The Random House Books for Young Readers imprint of Random House Children’s Books has been appointed the master publishing partner for the franchise and will be creating a portfolio of books that will bring the DC Super Hero Girls world to life, beginning in Spring 2016. Random House’s publishing program will be complemented by a series of original graphic novels from DC Entertainment. The LEGO Group will also be key to building the DC Super Hero Girls franchise, leveraging their experience and success engaging girls in creative construction play to bolster this universe through an array of LEGO® building sets designed to inspire girls' imaginations. Additionally, consumer products partners around the world will be engaged in creating a merchandise line dedicated to DC Super Hero Girls across all key categories.

Wednesday, April 22, 2015

Review: Convergence Superman:Man Of Steel #1

When Convergence was first announced, I thought it was a silly idea to bridge the temporal gap while DC Comics moved offices.

When the titles were first announced, I was thrilled. These two issue mini-series would be a chance for me to revisit some of my favorite characters in their prime.

After reading a couple of weeks of series, I think I am going to end up falling somewhere between silly and thrilled.

And Convergence:Steel is probably the poster boy of that sort of regression to the mean. This is John Henry Irons, inspired by Superman to become Steel, and training his niece and nephew Natasha and Jemahl. This book is written by Steel legend Louise Simonson. And it is drawn by another comic legend, June Brigman. It has everything going for it!

And yet, this story is sort of a middle-of-the-road, sort of pedestrian issue. Yes, I get Irons in the suit, fighting villains, and trying to protect his city. But I also felt like Simonson might have been trying to stuff as much Steel mythos as she could into the issue and that may have diluted things. So we see Natasha, Jemahl, Professor Hamilton, and Bibbo. But that's a lot for 20 pages while having to move the Convergence story as well.

It starts out great!

I mean this is a classic opening splash page with Steel flying into his lab, hammer in hand. Just fantastic.

And, most interesting for me, Steel has his 'powers' under the dome because he is tech based. Only biological powers are muted by Telos. So Steel can operate, defending the town.

And there are Steel's supporting cast: Natasha, Jemahl, and Professor Hamilton.

It was like the late 1990's all over again!

Unfortunately, other tech-powered individuals have their powers as well. That includes Team Luthor scrubs acting as rogues around the city.

Now there is a bit of comic luck to move the plot along. Two rival Team Luthor rogues who are battling each other just happen to crash into the IronWorks lab. Steel follows them out to try to stop them from wreaking too much havoc.

Of all the places to crash through! Maybe a bit too much comic book 'luck'?

I do like that we have seen in a number of books that the inhabitants have been experimenting on the dome in hopes of breaking through. In Steel, Hamilton has somehow extracted some of the techno-organic nanobots which power the dome.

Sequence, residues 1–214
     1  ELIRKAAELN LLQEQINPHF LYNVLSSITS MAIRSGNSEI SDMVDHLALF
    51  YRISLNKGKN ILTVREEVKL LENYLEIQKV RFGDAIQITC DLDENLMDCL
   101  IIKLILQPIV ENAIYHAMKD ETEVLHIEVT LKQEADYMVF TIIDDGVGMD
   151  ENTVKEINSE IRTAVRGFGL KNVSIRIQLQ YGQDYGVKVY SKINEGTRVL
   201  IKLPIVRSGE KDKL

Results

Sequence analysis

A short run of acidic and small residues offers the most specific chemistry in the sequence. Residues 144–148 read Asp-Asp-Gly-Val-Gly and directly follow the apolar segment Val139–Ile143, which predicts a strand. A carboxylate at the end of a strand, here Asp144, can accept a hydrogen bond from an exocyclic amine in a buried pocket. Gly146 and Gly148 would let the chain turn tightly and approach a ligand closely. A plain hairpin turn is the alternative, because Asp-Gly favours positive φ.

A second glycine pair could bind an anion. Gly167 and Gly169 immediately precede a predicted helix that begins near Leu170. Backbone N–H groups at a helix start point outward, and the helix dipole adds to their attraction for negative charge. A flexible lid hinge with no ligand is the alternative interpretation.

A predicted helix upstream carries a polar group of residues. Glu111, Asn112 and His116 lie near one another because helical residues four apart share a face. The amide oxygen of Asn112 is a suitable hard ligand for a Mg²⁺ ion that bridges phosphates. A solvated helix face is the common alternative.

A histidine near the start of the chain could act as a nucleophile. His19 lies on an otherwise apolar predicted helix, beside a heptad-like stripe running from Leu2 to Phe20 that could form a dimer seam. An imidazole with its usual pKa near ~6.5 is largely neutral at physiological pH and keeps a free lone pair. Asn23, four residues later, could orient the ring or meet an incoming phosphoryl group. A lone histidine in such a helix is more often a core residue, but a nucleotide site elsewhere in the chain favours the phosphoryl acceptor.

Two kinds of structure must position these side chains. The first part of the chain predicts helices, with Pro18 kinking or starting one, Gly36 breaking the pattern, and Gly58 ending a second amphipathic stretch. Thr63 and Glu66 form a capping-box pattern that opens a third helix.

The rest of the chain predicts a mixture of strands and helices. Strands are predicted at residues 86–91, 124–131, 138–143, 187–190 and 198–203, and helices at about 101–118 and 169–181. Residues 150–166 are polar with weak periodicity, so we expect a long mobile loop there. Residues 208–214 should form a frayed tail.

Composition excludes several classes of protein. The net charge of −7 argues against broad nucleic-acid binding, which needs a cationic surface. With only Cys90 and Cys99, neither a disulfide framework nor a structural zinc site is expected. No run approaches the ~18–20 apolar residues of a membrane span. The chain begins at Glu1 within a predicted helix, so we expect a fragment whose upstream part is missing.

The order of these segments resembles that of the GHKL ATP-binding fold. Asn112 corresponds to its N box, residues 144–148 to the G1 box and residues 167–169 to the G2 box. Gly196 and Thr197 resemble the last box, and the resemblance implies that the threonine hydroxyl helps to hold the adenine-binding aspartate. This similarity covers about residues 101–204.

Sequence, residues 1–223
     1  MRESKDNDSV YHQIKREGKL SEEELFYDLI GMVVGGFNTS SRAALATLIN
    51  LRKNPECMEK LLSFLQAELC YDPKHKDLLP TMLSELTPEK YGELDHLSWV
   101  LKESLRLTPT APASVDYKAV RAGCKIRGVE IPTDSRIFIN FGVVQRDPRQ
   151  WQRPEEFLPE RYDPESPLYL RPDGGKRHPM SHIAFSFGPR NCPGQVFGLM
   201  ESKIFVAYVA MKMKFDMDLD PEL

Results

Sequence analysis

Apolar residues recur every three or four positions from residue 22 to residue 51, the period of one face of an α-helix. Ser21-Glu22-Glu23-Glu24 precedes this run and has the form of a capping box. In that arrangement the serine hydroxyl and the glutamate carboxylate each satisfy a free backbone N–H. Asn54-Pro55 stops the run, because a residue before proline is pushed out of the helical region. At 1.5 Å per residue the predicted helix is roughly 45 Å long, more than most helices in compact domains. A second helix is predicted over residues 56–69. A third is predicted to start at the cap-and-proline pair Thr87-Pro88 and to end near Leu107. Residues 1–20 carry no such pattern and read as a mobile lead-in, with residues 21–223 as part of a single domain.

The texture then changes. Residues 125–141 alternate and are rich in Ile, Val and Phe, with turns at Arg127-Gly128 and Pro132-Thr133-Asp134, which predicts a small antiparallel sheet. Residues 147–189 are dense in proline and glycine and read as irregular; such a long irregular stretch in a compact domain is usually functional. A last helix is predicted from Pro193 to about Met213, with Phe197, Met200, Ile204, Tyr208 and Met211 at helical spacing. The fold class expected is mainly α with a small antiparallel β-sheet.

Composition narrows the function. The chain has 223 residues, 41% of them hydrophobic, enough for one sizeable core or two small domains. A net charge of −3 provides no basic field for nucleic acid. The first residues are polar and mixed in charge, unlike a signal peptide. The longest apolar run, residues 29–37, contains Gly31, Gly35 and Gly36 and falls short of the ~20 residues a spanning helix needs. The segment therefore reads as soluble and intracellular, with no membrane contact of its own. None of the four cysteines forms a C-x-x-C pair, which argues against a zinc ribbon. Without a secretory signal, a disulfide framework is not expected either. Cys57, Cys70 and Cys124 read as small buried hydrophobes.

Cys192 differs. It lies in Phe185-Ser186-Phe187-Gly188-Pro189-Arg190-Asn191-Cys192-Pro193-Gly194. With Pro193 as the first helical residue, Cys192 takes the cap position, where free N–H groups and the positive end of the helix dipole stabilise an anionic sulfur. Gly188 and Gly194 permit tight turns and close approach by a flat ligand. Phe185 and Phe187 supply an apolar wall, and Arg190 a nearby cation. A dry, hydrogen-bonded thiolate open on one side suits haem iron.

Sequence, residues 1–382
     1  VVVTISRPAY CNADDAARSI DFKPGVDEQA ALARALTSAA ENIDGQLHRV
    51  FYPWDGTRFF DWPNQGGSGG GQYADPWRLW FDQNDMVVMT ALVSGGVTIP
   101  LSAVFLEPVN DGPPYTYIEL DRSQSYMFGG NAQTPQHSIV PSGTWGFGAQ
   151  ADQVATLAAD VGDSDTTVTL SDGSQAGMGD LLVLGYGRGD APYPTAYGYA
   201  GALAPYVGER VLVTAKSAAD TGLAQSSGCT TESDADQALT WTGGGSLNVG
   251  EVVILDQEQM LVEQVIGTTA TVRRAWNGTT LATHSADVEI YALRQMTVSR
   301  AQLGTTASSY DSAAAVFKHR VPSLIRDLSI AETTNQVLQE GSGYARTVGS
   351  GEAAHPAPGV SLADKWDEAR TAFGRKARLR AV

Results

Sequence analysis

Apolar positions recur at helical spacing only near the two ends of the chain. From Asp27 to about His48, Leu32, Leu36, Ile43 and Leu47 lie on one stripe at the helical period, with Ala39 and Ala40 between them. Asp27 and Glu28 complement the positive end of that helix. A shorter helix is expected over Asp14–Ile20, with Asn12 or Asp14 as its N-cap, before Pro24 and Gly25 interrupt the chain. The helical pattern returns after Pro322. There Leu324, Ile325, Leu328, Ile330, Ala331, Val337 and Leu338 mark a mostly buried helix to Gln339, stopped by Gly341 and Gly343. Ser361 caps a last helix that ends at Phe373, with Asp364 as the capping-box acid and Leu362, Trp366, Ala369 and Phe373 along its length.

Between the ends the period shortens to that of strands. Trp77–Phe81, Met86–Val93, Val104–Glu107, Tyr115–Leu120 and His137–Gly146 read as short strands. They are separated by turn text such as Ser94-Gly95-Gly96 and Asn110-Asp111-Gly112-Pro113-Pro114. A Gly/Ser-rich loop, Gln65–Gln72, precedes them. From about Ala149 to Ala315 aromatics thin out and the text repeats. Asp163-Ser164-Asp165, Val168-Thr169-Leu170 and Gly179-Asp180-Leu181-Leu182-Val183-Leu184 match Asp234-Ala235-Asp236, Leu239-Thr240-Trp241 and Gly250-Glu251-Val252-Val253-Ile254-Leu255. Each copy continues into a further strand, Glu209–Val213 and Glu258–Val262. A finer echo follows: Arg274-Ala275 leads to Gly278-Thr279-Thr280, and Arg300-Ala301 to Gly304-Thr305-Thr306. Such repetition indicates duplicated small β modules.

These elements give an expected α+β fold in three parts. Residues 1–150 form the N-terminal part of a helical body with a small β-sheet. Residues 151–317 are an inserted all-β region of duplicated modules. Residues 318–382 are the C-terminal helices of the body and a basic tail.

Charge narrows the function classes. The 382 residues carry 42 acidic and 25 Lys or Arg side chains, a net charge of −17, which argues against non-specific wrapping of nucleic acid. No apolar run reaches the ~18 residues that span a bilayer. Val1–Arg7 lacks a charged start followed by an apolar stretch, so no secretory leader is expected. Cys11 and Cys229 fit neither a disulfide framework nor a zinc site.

Now I don't know what he is hoping to do, but he injects the nanobots into the pet cat. They bond to the kitty who becomes something of a cat version of the X-Man character Warlock.

Trust me, this is going to follow Chekov's gun rule. If you see techno-organic robots in act one, they'll be bonded to someone important in act three.

Behind Steel's back, Jemahl and and Natasha have made their own armor and fight crime as well. After all, Steel can't be everywhere.

But doesn't this seem like a stretch even for comics? John Henry wouldn't have noticed this? Either the creation of the suits in his factory or them sneaking away? The Metropolis news wouldn't cover these guys? 

Now I know Natasha has donned armor in the past. But has Jemahl?

They head to Bibbo's to break up a minor skirmish. And just at that moment, the dome drops.

It turns out that one of the barroom brawlers was a depowered Parasite! And he suddenly has his powers back!

Now I liked this turn a lot. If all of these superheroes could be captured under the dome, why not villains?

And then even more stuff gets added to the mix. It turns out that Telos has sent Gen13 to fight Steel for survival. And then Natasha and Parasite show up to make this a big old mess.

One of the things that bugs me is that DC has yet to really explain the 'rules' of this tournament. Is it all the heroes in a city (like here and Superboy)? Is it a 'champion' like in Batgirl? Do the readers vote? Because all of Gen13 fighting Steel seems like a mismatch. Heck, Fairchild alone might give him a good fight.

With the Parasite draining people and Gen13 out for blood, a true melee breaks out. And Natasha almost gets killed until John jumps in the way of a Gen13 double blast. The armor gets gets shattered and his spine gets pulped. While John survives, he is paralyzed ...

Oh wait ... we saw techno-organic nanobots merge with an organism in act one!!

So overall this was a fine if maybe overly stuffed issue. Between all the characters and all the plots, this felt a bit too busy. Maybe I wanted to get more John Henry and less of these others. And frankly, I have little use for Gen13.

Still, this wasn't a bad issue. I was entertained. It was good to see these characters again. Simonson captures everyone's voices nicely. Brigman's art is solid and classic. But I wonder if this story would be better served with three issues instead of two.

Overall grade: B

Tuesday, April 21, 2015

Matrix Called Kara?

I pride myself on being a big Supergirl fan and having a good handle on her history.